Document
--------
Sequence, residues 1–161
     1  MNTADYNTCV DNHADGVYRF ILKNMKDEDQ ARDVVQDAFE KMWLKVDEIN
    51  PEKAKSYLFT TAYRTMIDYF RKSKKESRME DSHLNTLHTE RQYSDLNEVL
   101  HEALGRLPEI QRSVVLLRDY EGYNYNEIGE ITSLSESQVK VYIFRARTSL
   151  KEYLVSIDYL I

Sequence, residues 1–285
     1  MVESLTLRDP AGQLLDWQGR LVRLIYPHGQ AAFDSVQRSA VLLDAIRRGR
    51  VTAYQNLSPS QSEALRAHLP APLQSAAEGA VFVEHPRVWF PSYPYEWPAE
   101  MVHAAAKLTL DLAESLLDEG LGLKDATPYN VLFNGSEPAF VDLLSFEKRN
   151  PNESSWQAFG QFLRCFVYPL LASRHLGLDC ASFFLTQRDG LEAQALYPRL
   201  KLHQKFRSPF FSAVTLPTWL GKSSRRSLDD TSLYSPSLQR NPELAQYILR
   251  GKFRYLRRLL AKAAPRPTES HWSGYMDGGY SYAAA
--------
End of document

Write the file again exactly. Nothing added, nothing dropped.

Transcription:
Sequence, residues 1–161
     1  MNTADYNTCV DNHADGVYRF ILKNMKDEDQ ARDVVQDAFE KMWLKVDEIN
    51  PEKAKSYLFT TAYRTMIDYF RKSKKESRME DSHLNTLHTE RQYSDLNEVL
   101  HEALGRLPEI QRSVVLLRDY EGYNYNEIGE ITSLSESQVK VYIFRARTSL
   151  KEYLVSIDYL I

Sequence, residues 1–285
     1  MVESLTLRDP AGQLLDWQGR LVRLIYPHGQ AAFDSVQRSA VLLDAIRRGR
    51  VTAYQNLSPS QSEALRAHLP APLQSAAEGA VFVEHPRVWF PSYPYEWPAE
   101  MVHAAAKLTL DLAESLLDEG LGLKDATPYN VLFNGSEPAF VDLLSFEKRN
   151  PNESSWQAFG QFLRCFVYPL LASRHLGLDC ASFFLTQRDG LEAQALYPRL
   201  KLHQKFRSPF FSAVTLPTWL GKSSRRSLDD TSLYSPSLQR NPELAQYILR
   251  GKFRYLRRLL AKAAPRPTES HWSGYMDGGY SYAAA